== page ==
Typically, April is the start of swarm season for honey bees, which can pose a danger to those with a lack of understanding that honey bees are not aggressive when in a swarm.
“This is the beginning of the swarm season and they will swarm until the beginning of June,” said Jim Mason, president of the Green Valley Beekeepers Association in Daviess County. “They can be anywhere there is a flowering tree or dandelions.”
Swarms form when bees reproduce and leave the hive to find new places to build hives because of spacing use. They travel in clusters and should cause no harm because they have no hive or offspring to aggressively defend. The swarms are basically meeting and resting sites where bees wait to migrate to their new homes.
According to Jeff Hagan, a local beekeeper hobbyist, swarms may stay on a swarming site for as little as 15 minutes or for as long as several days, but they will not stay on that site permanently.
“They can be on road signs, buildings, houses — basically anywhere,” Hagan said.
Swarms can contain several hundred to several thousand worker bees, a few drones and one queen. Once the scouting bees find a new location for the new colony, the swarm breaks up and flies to its new location.
Mason said, once the decision to swarm is made, the queen bee lays eggs in queen cups to prepare for another queen. The old queen leaves the hive, taking half of the workers with her, to search for a new home. The new queen will hatch in the old hive and the remaining workers consider her their new queen. Each swarm or hive has only one queen.
Honey bees play an important role in agriculture and horticulture and the number of bees is steadily declining, according to Hagan.
“Bees are huge pollinators and, if it wasn’t for bees, local producers would have to buy bees. They have to have them or they won’t have the product if we don’t have pollinators [bees],” Hagan said. “Bees also do so much for pasture — it’s crazy. Bees pollinate clover which gives cows more food and the cyclical process is enormous. There is a bigger environmental impact.”
U.S. beekeepers report that they have lost a third of their honey bee colonies each year in recent years. And Mason said the loss in this area is closer to 50 percent each year due to different factors. The two primary reasons are pests and disease.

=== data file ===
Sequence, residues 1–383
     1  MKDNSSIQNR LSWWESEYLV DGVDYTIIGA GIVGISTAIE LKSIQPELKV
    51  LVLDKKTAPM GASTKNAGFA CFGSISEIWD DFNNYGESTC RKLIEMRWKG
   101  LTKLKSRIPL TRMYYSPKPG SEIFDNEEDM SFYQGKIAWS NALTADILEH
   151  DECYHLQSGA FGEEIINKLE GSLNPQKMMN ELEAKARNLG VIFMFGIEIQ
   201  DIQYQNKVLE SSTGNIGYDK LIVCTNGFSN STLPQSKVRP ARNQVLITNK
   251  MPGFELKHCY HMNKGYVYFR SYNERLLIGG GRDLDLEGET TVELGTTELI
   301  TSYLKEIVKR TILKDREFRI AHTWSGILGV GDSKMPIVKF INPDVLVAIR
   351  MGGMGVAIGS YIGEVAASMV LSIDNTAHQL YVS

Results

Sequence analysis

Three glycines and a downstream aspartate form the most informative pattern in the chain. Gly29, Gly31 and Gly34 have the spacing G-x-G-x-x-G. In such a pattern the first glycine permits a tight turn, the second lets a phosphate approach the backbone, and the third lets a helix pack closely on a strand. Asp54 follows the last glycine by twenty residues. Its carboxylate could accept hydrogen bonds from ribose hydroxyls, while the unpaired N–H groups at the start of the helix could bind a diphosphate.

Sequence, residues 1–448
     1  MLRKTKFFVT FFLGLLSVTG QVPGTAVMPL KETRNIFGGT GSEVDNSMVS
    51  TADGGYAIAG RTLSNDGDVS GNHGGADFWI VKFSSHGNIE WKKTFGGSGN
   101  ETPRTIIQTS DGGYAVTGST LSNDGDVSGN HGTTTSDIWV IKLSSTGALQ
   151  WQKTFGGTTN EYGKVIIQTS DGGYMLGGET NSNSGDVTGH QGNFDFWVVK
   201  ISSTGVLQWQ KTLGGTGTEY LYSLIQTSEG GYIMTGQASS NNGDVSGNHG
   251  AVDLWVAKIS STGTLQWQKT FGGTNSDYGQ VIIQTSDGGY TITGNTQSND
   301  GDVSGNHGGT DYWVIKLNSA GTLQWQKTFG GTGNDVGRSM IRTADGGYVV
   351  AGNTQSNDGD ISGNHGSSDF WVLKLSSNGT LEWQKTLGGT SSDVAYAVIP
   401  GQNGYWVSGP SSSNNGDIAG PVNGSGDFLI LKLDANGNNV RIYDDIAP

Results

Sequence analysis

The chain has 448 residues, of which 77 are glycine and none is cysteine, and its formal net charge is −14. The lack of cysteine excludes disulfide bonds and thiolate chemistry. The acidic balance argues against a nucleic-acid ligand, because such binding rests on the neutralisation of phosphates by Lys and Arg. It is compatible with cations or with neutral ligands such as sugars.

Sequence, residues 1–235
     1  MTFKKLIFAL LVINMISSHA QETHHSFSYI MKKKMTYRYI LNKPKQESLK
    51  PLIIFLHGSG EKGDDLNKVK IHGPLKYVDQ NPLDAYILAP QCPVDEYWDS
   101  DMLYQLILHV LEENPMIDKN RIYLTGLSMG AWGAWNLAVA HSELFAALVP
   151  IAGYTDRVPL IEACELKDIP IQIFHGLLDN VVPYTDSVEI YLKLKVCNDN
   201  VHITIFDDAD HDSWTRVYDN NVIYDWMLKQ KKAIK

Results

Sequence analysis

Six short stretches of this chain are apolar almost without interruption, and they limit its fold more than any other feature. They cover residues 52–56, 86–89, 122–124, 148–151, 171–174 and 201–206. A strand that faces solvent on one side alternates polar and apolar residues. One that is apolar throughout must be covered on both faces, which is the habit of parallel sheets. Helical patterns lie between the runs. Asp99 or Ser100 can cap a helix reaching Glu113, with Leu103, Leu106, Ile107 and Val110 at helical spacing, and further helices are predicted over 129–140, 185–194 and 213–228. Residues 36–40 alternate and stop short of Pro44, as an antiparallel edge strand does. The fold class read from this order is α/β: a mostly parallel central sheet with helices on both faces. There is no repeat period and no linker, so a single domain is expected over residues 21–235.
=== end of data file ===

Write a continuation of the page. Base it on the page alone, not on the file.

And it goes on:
“The primary predator is varroa mite and that attaches itself to a bee and sucks nutrients out of it until they can’t function,” Mason said. “The other is the small hive beetle that gets in the hive and honeycomb itself. It lays eggs in there and destroys the eggs that would become bees.”
Mason said that local beekeepers try to keep these problems under control by treating twice a year and then watching to make sure their bees do not starve over the winter.
“Keepers have to be careful not to take out too much honey in the fall and, if they do, they have to supplement with sugar water,” Mason said. “We have to do our best to preserve the population. Without it, we would lose about a third of our food sources.”
They are also dying at alarming rates because of their exposure to pesticides and herbicides, Mason said.
Hagan often attends local events at schools and businesses to talk about beekeeping and the benefits of bees to the community. He tells the audience that, although people love to pick dandelions and kill the weed, they are actually the first natural food source for bees in the spring.
“Clover, local trees, fruit trees are all important,” Hagan said. “The Honeycrisp apple exists only because of cross-pollination, but you only get it because of insects — bees,” Hagan said.
The Kentuckiana Beekeepers Association website has a bee, wasp and hornet identification guide to help determine if a swarm is, in fact, honey bees.
Swarms are as likely in the county as in the city. If you see a swarm that has landed, do not panic. And do not try to kill it with pesticides.
The Green Valley Beekeepers Association has a list of local beekeepers who will remove swarms for free. Some beekeepers may be willing to move wasp nests or other insect colonies, but some will only be willing to work with honey bees.
“The swarms are usually worth around $300 because there are thousands of bees,” said Hagan.
Some beekeepers even recommend taking a photo of the insects and comparing them with photos of honey bees to make sure.
More information is also available at the Kentucky State Beekeepers Association website.
“Beekeepers will take the bees and introduce them into new hives where they can survive by being fed and treated for any of many diseases and parasites that are threatening our bee population,” Mason said.